Chinese scientists Fang-Rong Chang and Yang-Chang Wu of Kaohsiung Medical University in Taiwan said that the plant, which produces yellow flowers in large numbers, grows mainly in the countries of Iran, Afghanistan and the Chinese territory.
Its potential use as a preventive component against the flu is not new. During the influenza pandemic of 1918, which took the lives of 20 to 100 million people, the Spanish used it as a remedy to fight the virus.
However, it was not until this study that the potential antiviral capabilities naturally produced by this plant were found.
Chang and Wu identified a group of chemical components in the plant's extracts showing a heightened capability against Influenza A (H1N1). Furthermore, its potential effects seem to be more effective than the antiviral medications currently available to treat this type of flu.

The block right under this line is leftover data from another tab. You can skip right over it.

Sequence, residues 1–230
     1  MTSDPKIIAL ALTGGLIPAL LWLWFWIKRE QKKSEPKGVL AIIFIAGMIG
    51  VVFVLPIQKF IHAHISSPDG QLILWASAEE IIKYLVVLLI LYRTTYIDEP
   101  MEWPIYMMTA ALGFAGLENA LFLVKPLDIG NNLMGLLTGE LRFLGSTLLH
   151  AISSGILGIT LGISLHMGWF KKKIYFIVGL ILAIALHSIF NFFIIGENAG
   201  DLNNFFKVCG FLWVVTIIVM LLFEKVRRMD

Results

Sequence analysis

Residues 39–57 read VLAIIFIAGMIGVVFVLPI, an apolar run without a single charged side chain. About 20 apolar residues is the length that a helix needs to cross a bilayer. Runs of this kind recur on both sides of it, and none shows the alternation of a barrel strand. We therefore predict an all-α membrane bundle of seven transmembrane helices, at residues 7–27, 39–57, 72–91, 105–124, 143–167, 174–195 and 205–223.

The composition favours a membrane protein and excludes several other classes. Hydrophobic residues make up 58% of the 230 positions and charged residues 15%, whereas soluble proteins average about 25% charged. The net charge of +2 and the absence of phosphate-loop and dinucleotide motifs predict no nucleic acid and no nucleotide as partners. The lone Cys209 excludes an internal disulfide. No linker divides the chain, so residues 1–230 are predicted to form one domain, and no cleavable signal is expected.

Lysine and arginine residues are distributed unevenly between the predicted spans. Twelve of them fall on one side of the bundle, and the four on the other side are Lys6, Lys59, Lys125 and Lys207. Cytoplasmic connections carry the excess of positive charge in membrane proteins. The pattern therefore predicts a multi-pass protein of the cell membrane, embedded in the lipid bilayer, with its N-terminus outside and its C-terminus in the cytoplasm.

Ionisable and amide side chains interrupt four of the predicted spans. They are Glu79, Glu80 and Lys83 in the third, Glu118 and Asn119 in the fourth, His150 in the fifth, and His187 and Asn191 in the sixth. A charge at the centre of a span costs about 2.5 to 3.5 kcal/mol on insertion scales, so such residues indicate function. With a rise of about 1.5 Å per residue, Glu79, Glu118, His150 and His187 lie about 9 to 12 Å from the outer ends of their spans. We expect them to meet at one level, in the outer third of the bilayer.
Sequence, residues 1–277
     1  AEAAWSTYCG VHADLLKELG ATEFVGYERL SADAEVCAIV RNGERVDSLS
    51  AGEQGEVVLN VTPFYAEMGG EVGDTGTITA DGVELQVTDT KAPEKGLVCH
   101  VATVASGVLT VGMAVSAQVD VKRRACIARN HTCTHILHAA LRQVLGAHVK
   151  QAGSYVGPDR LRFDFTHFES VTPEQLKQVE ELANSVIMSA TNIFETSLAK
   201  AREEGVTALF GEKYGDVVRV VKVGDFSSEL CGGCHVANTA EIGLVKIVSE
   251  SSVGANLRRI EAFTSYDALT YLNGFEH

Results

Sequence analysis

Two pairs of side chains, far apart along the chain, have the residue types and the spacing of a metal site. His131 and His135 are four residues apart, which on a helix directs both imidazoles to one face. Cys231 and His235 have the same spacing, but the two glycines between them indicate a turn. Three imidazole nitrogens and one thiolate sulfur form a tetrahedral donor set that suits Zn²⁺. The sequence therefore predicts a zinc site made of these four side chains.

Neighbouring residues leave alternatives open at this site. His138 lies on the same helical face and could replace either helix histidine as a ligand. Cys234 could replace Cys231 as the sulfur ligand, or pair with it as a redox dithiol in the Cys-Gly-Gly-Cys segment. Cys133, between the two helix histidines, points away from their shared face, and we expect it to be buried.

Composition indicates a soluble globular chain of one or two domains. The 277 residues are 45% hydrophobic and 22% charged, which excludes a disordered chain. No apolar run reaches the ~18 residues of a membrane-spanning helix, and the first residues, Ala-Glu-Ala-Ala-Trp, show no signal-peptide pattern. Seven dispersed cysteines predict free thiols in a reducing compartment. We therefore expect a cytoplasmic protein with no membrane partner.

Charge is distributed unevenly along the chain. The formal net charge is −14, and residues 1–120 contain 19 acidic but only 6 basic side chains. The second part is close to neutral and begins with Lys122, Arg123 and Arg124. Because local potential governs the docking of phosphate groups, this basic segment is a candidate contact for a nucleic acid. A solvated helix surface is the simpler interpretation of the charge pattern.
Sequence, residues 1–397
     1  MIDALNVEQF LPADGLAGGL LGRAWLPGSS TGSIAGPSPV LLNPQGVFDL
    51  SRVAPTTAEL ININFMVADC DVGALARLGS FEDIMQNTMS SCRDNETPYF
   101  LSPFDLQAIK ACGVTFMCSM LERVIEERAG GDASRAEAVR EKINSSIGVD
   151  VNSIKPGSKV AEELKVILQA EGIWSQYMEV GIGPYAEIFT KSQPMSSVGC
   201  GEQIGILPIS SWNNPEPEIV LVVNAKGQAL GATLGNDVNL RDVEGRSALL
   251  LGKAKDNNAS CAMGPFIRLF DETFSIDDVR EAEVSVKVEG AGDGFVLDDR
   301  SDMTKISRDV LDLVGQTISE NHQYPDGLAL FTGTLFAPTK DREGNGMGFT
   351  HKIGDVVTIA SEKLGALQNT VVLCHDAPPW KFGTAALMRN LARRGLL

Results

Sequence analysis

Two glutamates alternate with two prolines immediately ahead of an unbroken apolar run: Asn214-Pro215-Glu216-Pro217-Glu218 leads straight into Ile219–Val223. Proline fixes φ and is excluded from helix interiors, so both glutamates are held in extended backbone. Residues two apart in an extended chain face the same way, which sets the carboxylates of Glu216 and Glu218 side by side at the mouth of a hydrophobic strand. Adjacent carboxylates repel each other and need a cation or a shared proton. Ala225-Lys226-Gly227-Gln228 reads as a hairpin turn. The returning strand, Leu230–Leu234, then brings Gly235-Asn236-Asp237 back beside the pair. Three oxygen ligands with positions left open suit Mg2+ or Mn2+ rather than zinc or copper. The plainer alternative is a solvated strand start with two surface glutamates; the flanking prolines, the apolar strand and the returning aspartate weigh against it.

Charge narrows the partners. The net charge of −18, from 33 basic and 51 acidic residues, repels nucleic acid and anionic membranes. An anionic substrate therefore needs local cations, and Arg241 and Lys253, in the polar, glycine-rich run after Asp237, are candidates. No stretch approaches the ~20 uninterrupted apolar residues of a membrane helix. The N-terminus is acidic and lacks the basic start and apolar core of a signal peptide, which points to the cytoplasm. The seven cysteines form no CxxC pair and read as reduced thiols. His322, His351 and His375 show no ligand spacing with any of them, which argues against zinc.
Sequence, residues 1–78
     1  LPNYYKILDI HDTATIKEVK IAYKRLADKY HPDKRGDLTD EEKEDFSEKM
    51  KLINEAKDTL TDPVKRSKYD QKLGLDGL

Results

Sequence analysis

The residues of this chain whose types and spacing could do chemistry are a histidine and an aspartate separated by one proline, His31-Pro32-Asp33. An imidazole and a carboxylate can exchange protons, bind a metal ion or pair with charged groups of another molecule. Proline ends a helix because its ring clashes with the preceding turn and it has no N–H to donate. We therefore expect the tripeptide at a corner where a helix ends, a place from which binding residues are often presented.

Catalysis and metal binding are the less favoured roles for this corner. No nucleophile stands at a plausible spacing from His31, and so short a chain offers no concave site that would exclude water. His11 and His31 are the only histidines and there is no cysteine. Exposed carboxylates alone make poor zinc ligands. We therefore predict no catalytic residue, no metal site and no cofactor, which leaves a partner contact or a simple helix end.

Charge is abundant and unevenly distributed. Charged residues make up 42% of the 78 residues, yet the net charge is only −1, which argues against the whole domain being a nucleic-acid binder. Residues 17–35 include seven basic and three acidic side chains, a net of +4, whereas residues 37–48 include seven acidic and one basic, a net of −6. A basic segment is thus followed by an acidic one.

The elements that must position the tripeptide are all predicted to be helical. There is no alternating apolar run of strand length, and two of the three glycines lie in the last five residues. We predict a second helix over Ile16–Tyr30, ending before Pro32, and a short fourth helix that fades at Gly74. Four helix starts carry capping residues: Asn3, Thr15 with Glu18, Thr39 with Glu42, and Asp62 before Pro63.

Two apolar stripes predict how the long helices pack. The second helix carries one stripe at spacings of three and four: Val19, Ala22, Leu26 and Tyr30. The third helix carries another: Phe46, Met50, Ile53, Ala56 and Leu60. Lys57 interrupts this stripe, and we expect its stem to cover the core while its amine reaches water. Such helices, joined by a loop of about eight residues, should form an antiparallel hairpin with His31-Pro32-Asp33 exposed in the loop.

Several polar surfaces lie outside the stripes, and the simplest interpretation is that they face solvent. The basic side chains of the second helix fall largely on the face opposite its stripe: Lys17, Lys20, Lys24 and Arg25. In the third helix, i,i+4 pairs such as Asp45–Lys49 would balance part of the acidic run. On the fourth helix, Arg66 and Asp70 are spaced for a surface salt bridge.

“In general, this study determined that [of the byproducts of] the asafetida may be used as components to develop a new medication against the viral infection of Influenza A (H1N1),” both study leaders stated.
Other uses of asafetida in traditional and natural medicine in different regions around the world include various remedies for the treatment of illnesses of the nervous system such as hysteria, digestive problems and bronchial diseases, as well as for the treatment of intestinal parasites.
Boiled asafetida has a pleasant onion flavor, while raw asafetida is characterized by a pungent odor for which it has been given curious names in different languages. In English and Spanish, it is known as “Devil's Dung.”